Copyright: a tragedy in three acts
THERE SEEMS to be some confusion about why it is important that authors and performers are able to make a living through payments for the use of our work. There are high-minded arguments: particularly that our being able to do this is essential to democracy - consider a world informed only by sponsored features and school textbooks.
There is a personal angle, too: enough time has probably passed that it is appropriate to report the following tragedy in three acts.
1I met John Perry Barlow in a bleak beige basement conference room in Washington DC in 1992, just two years after the World-Wide Web was launched. We were ostensibly there to report a conference on "open source intelligence" - exploiting the expected firehose of information to supplement the "closed" work of traditional intelligence agencies. I was there to see who turned up from this interesting new virtual world. So, I think, was John: and he was on another mission.
Until then known as a songwriter for the Grateful Dead, John was a rancher from Wisconsin who was involved with the state Republican Party. The Dead were famous for allowing or encouraging their fans to tape their concerts - making their living from those live performances - with diehard fans criscrossing the world to attend and tape more concerts.
In this John saw a model for the entire online economy. Authors and performers would give up trying to collect payment for our now-infinitely-copyable works. We would make our living from live performances.
It was an intriguing idea. We discussed it in email. A year or so later John published Selling Wine Without Bottles: The Economy of Mind on the Global Net. It concluded:
...in the years to come, most human exchange will be virtual rather than physical, consisting not of stuff but the stuff of which dreams are made. Our future business will be conducted in a world made more of verbs than nouns.
...The thoughts in it have not been "mine" alone but have assembled themselves in a field of interaction which has existed between myself and numerous others, to whom I am grateful. They particularly include: Pamela Samuelson, Kevin Kelly, Mitch Kapor, Mike Godwin, Stewart Brand, Mike Holderness, Miram Barlow, Danny Hillis, Trip Hawkins, and Alvin Toffler.
However, I should note in honesty that when Wired sends me a check for having temporarily "fixed" it on their pages, I alone will cash it...
Meanwhile, I had been thinking about my "moral rights" in my work. The "moral rights" to defend the integrity of the work and identification of its creator were then hardly known in the US, where they exist only for works of visual art produced in a signed and numbered edition of 200 copies or fewer.
I published Moral Rights and Authors' Rights: The Keys to The Information Age - my one refereed journal paper. I concluded:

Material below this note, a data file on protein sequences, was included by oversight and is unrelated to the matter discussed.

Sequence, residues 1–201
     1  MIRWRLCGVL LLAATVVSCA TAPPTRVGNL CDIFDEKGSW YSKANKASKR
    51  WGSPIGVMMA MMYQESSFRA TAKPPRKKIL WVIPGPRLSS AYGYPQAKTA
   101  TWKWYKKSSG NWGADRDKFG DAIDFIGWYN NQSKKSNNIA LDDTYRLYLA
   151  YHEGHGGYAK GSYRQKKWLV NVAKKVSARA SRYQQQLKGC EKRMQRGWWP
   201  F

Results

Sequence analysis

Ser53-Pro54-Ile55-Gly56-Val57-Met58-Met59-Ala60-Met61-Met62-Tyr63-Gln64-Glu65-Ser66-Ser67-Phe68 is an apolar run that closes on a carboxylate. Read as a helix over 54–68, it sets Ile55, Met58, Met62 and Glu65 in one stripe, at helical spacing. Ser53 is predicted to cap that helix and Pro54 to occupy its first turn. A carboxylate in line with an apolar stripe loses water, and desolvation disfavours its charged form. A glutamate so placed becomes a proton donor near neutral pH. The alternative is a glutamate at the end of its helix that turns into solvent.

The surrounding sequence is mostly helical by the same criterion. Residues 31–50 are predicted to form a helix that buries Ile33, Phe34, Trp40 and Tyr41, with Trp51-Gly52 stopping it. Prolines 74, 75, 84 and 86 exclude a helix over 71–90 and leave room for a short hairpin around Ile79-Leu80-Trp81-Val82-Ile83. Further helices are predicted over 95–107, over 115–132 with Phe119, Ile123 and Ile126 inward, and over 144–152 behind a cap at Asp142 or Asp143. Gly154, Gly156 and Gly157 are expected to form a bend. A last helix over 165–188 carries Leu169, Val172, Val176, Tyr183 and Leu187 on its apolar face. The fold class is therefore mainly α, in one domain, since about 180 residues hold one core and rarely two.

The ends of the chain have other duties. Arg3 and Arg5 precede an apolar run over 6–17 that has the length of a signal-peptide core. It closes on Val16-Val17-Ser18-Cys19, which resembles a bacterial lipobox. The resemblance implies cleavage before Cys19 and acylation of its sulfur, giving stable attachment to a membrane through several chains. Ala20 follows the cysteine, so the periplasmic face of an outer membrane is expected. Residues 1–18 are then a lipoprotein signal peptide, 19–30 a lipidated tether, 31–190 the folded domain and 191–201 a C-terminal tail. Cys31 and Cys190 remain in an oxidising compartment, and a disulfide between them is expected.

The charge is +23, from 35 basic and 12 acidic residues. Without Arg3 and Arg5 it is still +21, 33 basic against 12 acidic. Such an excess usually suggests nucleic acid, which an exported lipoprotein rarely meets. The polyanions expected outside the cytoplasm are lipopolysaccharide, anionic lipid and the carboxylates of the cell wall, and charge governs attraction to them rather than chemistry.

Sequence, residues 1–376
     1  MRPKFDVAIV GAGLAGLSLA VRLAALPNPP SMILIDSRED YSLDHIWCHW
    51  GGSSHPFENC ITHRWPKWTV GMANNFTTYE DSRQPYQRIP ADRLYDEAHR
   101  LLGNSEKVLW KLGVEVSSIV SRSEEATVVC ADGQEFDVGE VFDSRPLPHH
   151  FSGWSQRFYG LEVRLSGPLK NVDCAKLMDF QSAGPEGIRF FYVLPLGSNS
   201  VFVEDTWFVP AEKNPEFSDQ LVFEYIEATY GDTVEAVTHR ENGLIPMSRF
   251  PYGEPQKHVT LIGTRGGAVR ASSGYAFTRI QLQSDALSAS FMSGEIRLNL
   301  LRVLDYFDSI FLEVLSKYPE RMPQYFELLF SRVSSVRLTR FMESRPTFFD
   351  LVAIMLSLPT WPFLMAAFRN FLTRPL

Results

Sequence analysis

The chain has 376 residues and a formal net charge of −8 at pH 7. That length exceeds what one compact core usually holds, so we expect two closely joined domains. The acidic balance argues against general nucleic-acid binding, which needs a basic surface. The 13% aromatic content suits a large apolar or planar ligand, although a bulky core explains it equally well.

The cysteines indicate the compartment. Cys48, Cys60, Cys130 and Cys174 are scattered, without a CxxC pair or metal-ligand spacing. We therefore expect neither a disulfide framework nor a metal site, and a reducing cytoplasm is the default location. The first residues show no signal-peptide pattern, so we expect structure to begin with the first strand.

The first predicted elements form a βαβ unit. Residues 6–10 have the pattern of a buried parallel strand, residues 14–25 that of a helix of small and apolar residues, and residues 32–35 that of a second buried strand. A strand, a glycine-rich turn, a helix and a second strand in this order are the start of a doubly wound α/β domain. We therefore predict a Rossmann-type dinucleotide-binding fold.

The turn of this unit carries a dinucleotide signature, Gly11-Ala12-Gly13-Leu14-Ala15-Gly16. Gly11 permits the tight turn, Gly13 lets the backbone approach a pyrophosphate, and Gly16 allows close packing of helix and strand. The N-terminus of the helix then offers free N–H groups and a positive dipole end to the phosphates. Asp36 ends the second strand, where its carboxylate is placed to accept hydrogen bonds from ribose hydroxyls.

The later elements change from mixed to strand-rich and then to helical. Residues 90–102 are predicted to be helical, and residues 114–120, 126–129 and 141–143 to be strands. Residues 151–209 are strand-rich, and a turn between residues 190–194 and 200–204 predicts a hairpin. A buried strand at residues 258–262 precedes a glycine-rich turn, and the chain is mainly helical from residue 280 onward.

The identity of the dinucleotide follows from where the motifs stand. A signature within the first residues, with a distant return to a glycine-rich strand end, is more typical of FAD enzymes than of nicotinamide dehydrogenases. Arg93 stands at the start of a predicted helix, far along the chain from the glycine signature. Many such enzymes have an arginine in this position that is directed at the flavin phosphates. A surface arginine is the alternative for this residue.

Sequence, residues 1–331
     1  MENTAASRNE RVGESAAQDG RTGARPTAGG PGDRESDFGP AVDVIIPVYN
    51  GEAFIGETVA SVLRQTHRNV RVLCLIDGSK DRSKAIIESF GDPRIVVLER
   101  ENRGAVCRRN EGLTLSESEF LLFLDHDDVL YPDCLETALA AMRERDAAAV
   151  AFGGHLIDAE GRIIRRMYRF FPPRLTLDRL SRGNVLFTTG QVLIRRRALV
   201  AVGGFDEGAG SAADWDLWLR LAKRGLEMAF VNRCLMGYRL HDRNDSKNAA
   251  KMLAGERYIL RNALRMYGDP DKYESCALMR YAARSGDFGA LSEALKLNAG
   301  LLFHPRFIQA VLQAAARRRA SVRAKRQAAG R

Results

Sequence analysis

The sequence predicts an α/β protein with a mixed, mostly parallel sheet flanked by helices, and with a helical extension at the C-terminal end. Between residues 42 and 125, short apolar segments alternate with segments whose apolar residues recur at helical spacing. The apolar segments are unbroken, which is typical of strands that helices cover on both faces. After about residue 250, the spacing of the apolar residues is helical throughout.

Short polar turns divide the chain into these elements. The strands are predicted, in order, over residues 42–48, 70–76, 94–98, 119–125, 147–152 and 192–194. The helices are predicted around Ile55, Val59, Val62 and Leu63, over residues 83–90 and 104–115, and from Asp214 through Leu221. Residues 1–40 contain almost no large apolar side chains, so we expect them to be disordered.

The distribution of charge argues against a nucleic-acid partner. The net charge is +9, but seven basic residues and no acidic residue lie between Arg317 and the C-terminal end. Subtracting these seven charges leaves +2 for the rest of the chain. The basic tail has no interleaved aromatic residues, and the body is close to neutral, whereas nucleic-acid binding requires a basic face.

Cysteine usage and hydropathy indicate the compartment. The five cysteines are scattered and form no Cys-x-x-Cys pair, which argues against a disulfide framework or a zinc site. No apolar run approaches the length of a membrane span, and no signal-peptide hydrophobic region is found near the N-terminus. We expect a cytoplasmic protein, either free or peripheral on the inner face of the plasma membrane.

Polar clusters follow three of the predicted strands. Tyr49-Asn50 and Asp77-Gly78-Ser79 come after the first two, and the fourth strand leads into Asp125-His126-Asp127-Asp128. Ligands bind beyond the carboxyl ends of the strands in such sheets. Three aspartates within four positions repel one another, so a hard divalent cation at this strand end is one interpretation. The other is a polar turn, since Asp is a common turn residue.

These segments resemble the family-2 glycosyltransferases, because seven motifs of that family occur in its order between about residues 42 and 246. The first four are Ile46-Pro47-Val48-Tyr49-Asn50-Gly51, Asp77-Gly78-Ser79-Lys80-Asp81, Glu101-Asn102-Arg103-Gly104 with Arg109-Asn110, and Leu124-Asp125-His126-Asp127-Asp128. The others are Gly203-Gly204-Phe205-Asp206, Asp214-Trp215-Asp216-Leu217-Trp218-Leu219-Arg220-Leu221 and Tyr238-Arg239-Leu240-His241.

The needs of the citizen and of society for trustworthy news and innovative entertainment are best met by the direct relationship of the citizen with individual human authors... Such a relationship forms the legal basis for a People's Media - for the potential of the technologies to be developed to maximise open and trustworthy communication with and between citizens.
We had moved to almost opposite conclusions.
2Jaron Lanier is best known for coining the phrase "virtual reality" in 1987. He is also a musician and collector of early musical instruments.
Jaron seems to have taken John's idea up enthusiastically. It was certainly influential - often dumbed down to the denial that anyone, anywhere, wants to be paid (except perhaps by corporations using them as astroturf) that we see in the weird world of anti-copyright lobbying).
But then in 2012 he published Who Owns the Future, in which he argued that authors and performers being paid for the distribution of our work was absolutely crucial. Indeed, we should all be paid for our social media postings - because they, alongside the unauthorised copying of professional creators' work, are where the profits of Twitter and Facebook come from.
What had changed?
Some digging finds a 2013 talk at the Conway Hall in London in which Jaron recounts how he noticed how often he was playing benefit concerts for musicians who had given up on income from publication and distribution, spent the money from performances - and now couldn't afford healthcare.
Do read Jaron's book - and the followup You Are Not a Gadget: A Manifesto.
3John gave up on much income from publication and distribution of his works and spent the money from performances.
He suffered a heart attack on 27 May 2015, while in hospital after surgery following a Staphylococcus infection. He spent months in hospital - and the John Perry Barlow Wellness Fund was established in October 2016 to allay outstanding medical bills. A benefit concert was held on 11 October 2016 at Sweetwater Music Hall in Mill Valley, California to benefit the fund.
John Perry Barlow died on 7 February 2018.